Friday, 11 March 2011

150 years of Anglican Worship in the Constantia Valley

The following sermon was preached at Christ Church Constantia on 6 March 2011. During the service, the Wingerdstok Cross - made of old vines donated by the Klein Constantia farm, fixed to a hessian covered board by wire worked into a central crown of thorns - was blessed.

1 Kings 8:22-30; 1 Peter 2:4-9; Matthew 21:12-16

May I speak in the name of God, the master builder, who calls us to be his living stones.

Dear brothers and sisters in Christ, dear people of God of Christ Church Constantia, let me say again what a delight it is to be with you as you celebrate 150 years of Anglican worship and witness in the Constantia Valley. Thank you, Keith – and Gladys – for your warm welcome; thank you churchwardens; thank you to everyone involved in this service, and to all who have taken part in the wider celebrations that you have been enjoying. It is a real pleasure to be with you this morning!

When I first came to Cape Town, one of the great challenges on a Sunday morning was finding my way to wherever I was due to preach. Some of the churches of our Diocese are not easy to locate. But that is not the case here – everyone knows of ‘The Stone Church’ on Constantia Main Road: this beautiful building of Table Mountain sandstone.

Just a week ago, I was looking at very different stones – the limestone of the Temple in Jerusalem, the Temple where Jesus cast out the money-changers. No doubt St Peter was with him there on that day – and on many other occasions. Perhaps you remember the account in St Luke’s gospel, where the disciples were marvelling at the amazing rebuilding of the Temple carried out by Herod the Great, twenty years before Jesus’ birth. Jesus warned them not to put their trust in mere buildings, no matter how impressive, telling them that not one stone would be left standing.

Well, in 70AD, the Romans destroyed the Temple, almost completely. Today, only the lowest levels of Temple date from the time of Jesus – and a little more remains at the corners. The foundation stones of the Temple are vast – many are more than forty feet – twelve metres – long. Most weigh 70 tonnes or more, and the very heaviest is estimated at perhaps as much as 550 tonnes. At the corners, these huge stones are interlocked. They withstood the Temple’s destruction rather better than the rest of the building, and can be seen today, standing above the old foundations.

We don’t know whether St Peter wrote about Jesus as God’s cornerstone before or after this happened, but he certainly understood the way a good cornerstone strengthens the whole building. Nonetheless, pictures from New Zealand of the collapsed cathedral tower in Christchurch – where it was thought up to 22 had died but in fact, thank God, no bodies were found – remind us that, as Jesus said, we should not put our trust in stones, in bricks and mortar.

This is the message at the heart of our readings today. Solomon’s prayer declares that God cannot be contained, even in the holy of holies of the Jerusalem Temple. Rather, it is the place on which God looks with particular compassion; and the place in which, and towards which, people pray. In this way, the Temple is the focus of human life intersecting with the love of God, and his active presence with us.

And if anyone has any doubts about what this might mean in practice, well, they could do a lot worse than read through the wonderful commemorative book produced for your 150th anniversary. I was fascinated to read the story of Anglican worship here – through far more twists and turns of history than I had imagined. Not only did the apartheid government try to stop coloured people living and worshipping here – at one point, an earlier rector tried to make the white members of the parish go elsewhere!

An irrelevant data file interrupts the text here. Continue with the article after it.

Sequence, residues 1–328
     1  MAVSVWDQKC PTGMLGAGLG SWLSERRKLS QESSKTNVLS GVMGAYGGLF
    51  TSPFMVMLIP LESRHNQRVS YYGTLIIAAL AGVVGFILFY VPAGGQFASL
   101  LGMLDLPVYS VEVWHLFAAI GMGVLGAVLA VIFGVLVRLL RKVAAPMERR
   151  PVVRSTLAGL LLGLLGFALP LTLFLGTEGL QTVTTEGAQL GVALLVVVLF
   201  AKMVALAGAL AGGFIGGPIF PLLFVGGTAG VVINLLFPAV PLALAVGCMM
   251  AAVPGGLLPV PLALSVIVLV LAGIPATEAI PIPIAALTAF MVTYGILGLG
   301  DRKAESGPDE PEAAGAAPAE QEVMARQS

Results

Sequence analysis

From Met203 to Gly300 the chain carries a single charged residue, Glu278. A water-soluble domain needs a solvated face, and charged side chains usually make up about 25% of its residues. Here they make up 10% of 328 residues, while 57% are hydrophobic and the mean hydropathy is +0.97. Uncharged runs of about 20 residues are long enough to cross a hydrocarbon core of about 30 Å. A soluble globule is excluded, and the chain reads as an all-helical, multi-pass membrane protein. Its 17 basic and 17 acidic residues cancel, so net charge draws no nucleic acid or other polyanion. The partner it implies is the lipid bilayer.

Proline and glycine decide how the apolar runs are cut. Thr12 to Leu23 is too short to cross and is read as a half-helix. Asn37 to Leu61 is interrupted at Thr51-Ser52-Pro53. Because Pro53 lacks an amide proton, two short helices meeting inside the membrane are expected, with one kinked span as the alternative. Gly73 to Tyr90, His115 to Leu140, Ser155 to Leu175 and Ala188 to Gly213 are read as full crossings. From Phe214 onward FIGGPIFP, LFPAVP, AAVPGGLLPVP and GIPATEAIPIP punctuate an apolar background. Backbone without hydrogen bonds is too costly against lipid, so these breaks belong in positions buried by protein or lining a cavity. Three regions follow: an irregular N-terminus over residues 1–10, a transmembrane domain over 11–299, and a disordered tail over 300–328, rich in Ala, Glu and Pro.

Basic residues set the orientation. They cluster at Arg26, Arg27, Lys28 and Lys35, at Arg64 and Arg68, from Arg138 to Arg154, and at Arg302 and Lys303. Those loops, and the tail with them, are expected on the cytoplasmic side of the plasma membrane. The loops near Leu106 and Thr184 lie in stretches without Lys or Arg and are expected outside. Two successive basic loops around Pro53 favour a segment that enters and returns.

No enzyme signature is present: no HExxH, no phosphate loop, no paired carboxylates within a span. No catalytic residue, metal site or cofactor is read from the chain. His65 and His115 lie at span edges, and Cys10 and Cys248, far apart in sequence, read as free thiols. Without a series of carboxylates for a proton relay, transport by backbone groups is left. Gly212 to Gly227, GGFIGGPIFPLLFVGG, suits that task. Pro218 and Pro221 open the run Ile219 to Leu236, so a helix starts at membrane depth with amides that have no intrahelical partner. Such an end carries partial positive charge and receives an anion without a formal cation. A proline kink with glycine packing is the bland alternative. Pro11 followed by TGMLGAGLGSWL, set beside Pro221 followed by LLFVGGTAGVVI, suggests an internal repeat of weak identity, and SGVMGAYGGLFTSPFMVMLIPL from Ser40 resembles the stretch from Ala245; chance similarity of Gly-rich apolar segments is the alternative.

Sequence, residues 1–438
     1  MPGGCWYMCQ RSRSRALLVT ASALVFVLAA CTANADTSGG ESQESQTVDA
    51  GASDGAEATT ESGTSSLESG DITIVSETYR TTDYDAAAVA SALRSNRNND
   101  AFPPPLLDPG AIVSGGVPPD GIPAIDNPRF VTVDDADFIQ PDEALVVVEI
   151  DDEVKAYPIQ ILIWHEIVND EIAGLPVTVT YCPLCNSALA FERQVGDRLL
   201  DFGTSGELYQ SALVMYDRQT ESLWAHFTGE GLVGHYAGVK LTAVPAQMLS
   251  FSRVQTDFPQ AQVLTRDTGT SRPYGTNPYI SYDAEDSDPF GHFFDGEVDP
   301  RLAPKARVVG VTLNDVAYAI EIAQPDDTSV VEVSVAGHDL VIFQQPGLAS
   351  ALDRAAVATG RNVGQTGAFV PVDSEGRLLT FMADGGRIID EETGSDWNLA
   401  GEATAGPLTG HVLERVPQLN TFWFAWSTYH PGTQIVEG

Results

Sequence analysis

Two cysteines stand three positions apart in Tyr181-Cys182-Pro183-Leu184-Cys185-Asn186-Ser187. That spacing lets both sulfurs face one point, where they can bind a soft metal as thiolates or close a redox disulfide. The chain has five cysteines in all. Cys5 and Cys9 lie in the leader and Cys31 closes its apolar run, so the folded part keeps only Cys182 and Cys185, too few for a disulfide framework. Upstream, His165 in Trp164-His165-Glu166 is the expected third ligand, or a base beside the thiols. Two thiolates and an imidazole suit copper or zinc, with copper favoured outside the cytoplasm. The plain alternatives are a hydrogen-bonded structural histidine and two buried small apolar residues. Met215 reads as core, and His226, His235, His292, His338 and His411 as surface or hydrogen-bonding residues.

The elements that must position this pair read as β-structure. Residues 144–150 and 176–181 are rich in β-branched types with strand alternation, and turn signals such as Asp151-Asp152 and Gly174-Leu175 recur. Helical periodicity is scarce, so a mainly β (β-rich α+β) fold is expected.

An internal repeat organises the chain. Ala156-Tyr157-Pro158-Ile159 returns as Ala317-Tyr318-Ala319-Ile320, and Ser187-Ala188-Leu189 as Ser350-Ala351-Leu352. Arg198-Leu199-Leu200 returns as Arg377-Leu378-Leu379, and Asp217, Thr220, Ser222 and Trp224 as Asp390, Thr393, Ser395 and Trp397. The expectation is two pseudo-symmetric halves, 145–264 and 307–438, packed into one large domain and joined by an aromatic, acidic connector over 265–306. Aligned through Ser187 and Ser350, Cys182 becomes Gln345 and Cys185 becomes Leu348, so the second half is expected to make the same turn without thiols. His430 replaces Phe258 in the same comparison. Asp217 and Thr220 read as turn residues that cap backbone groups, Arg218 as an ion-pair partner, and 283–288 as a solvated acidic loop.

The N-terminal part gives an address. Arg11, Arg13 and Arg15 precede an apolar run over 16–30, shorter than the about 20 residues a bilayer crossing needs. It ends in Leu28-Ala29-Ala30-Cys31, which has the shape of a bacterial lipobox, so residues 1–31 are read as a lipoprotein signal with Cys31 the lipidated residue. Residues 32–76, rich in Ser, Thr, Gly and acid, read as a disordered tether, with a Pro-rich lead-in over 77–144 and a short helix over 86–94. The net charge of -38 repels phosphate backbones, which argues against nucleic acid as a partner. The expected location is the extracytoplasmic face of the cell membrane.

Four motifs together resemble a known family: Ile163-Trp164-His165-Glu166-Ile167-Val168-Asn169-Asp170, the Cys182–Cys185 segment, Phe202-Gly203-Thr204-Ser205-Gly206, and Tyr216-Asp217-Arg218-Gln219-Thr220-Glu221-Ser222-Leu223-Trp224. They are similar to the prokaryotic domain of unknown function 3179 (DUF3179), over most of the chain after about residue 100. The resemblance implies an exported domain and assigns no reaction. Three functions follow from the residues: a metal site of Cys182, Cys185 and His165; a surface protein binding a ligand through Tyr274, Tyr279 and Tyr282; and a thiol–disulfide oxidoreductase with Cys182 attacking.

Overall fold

But we are not really here today to mark the history of, first, a thatched chapel, and then this stone building. No, we are here to celebrate the living faith of Jesus Christ, vibrant among his people, over a century and a half. For it is the faithfulness of men and women, who held together, no matter what, which has withstood the buffeting of time, and kept this congregation, this worshipping community, alive – indeed, alive and thriving. So we pay tribute today to all those who have served here in the past: to clergy, of course, but perhaps rather more so to those families – and especially those coloured families – who have been at the heart of Christ Church life, over generations: families like the Adamses, the Williamses, the Pelstons, the Davidses, the Petersons, the Elys, and many more.

Our thanks are to you, and to your parents and grandparents before you. We know that your faithfulness came with great pain, at great cost. We also know that, without you, and without your commitment, we might not be here today – or we might be a very different church from the one which can produce such a broad and deep and rich Annual report as the one you shared at vestry this week. (You can tell I have been doing my homework, before coming here!)

Surely this is what it means to be living stones – creating amongst yourselves a focal point for people to encounter God, whatever the circumstances of their lives. We know that through Christ Church, people meet the living God, and find his love, his compassion, his strength, his comfort, his leading, his encouragement – even his judgement at times, in order to find his redemption, and his power to transform what is wrong and bring good out of evil.

The strength of the vast stones of the Temple in Jerusalem lies most of all not in their size and weight – but in the way they interlock. Where they were built together, they best withstood the Romans’ destructive efforts. The same is true of living stones. St Peter is not writing to individuals. He is writing to congregations, to Christian communities: let yourselves be built into a spiritual house – let yourselves be built together – to be a holy priesthood.